On the main basin... Many strong reports from the lake.  Mixed schools of fish from 14-28' along south shore from Lighthouse Gap to Rocky Point.  Most anchored up and jigging with frozen shiners.  Gold or gold mixed with other colors working well.   The key is finding the fish.  Once found, fish tend to cooperate nicely.     On the Rainy River... Strong walleye activity continues.  Jig and frozen shiners continue to be the go-to method with some anglers also trolling crankbaits.  Gold, orange and yellow for jigs.  As waves of walleyes move through, reports change daily up and down river.  Be mobile, move around if a spot isn't producing.  A lot of good reports in 8-14'.  Some big walleyes caught over the weekend. Sturgeon continue to have the feed bag on.  The sturgeon catch and release season goes through April 23, 2019.       Up at the NW Angle... Fishing continues to be really really good.  Limits of walleyes being caught in 14 - 25'.  Jigging still producing.  Look for areas of current in neck down areas and outside of bays.  Fall crappie bite in on.  Muskie trollers still boating and releasing good numbers of fish.  The best fall fishing is yet to come, but only for the hearty!  Dress warm and hang on.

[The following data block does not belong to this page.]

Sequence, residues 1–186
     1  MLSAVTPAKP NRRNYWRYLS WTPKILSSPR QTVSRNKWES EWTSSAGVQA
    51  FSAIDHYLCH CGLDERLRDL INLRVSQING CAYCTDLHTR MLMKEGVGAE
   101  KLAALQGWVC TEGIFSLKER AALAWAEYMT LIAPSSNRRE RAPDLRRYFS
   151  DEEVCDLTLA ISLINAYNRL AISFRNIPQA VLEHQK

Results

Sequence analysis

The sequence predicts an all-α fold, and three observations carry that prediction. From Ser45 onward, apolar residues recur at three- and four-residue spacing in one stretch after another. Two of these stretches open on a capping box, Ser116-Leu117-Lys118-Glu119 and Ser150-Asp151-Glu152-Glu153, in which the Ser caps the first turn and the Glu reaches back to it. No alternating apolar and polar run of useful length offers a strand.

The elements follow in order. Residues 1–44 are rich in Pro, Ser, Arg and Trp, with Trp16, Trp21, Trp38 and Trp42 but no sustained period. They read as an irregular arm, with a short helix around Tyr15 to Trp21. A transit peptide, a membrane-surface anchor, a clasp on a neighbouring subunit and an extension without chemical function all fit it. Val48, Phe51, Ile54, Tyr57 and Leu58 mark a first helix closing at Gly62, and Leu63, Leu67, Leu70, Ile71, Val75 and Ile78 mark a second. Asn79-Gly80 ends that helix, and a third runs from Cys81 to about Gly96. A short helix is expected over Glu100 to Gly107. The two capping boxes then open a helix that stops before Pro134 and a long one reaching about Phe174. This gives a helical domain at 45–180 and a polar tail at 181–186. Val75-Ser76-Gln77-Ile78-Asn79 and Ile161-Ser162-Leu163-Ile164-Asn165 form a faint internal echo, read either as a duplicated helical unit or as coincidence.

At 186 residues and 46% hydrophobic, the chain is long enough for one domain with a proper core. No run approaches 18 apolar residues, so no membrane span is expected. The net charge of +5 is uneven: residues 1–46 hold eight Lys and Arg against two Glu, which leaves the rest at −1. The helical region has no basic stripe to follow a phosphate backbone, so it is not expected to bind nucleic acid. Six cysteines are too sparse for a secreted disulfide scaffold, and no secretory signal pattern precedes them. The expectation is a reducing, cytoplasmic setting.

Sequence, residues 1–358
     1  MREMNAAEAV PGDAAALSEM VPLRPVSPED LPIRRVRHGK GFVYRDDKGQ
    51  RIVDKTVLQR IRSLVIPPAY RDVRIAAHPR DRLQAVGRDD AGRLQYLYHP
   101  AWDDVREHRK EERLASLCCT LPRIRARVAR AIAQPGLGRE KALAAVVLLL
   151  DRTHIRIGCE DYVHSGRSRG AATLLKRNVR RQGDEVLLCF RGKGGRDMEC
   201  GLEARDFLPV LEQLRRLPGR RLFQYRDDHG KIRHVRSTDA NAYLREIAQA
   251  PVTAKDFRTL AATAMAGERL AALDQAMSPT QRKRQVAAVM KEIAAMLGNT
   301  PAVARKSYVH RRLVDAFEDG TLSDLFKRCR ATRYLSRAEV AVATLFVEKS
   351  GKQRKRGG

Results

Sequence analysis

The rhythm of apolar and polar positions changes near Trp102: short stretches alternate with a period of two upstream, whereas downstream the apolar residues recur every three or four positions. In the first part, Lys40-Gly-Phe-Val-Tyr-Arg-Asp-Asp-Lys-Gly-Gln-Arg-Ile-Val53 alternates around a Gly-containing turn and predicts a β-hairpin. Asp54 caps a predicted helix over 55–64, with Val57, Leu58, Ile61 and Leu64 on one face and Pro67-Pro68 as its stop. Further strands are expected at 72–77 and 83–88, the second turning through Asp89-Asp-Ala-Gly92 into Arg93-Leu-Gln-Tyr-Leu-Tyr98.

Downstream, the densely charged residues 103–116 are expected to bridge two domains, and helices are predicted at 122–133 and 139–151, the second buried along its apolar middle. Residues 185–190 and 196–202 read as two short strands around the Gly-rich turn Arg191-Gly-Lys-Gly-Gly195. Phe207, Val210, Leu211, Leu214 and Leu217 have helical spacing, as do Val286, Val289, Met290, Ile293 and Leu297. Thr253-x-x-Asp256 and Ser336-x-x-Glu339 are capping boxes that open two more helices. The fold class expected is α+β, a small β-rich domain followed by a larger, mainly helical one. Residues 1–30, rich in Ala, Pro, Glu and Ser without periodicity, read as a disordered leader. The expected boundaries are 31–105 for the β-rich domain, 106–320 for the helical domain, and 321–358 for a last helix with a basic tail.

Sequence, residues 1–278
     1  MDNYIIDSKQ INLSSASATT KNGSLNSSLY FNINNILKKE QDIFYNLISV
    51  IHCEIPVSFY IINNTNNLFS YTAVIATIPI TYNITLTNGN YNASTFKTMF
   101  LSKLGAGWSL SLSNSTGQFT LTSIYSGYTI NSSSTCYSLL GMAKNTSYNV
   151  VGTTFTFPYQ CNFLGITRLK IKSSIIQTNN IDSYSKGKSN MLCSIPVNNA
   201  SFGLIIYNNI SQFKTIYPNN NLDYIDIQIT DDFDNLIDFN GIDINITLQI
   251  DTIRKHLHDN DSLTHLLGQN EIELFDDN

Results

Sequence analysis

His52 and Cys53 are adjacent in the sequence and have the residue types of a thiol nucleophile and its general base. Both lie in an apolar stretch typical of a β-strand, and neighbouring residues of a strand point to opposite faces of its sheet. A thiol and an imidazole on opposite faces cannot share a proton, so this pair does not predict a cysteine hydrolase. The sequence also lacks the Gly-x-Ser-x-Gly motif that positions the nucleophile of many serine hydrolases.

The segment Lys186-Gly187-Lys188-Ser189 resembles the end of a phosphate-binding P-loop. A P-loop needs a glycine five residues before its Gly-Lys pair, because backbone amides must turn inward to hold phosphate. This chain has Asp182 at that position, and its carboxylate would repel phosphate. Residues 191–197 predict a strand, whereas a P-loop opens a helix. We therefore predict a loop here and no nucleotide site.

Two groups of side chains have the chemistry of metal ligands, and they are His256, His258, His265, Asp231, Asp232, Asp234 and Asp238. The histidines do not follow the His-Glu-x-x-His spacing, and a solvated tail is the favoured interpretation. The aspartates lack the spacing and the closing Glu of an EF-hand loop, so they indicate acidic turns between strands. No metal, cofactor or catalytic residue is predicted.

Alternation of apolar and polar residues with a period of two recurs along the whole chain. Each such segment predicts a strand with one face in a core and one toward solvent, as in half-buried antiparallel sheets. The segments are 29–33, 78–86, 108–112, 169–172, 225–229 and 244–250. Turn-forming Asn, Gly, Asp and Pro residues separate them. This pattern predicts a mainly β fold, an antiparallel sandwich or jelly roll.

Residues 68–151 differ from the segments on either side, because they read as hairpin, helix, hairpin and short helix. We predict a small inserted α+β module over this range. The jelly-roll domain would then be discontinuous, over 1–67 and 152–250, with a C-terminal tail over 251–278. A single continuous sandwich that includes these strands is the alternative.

• ANYFISH2
      I guess I dont mind the bonus tags, but prefer it when it is a 1 deer limit.  Only because I like seeing a lot of deer.  Selfish I know, but!   I have yet to shoot a deer in Camp myself.  This will be my 16 Year hunting out of 20 years applying. Love Camp, even on the down years.  My time is  coming, I hope.
    • monstermoose78
      I liked the bonus tags in ripley as many people only were chasing trophies. I shot a fair number of does and fawns there. Only shot one buck and some idiots took it is was a nice 9 pointer.
    • ANYFISH2
      I will be sure to call you!   But of course, you can do the same. Unfortunately bonus tags are in play again.
    • monstermoose78
      With 700 people 74 deer aint bad  And  no bonus tags
    • Agronomist_at_IA
      Well......The issue is that the biologists, scientists, and others have looked at the compiled data regardless if the data is good or bad, and have no consensus on what is really wrong or going on or how to fix. So out of confusion and not understanding on what's going on they've taken a course of action which doesn't seem to be working. Leaving a bunch of large walleyes in a lake with low forage doesn't work to well. If young recruitment of walleye isn't happening, maybe they should look at trying something else.....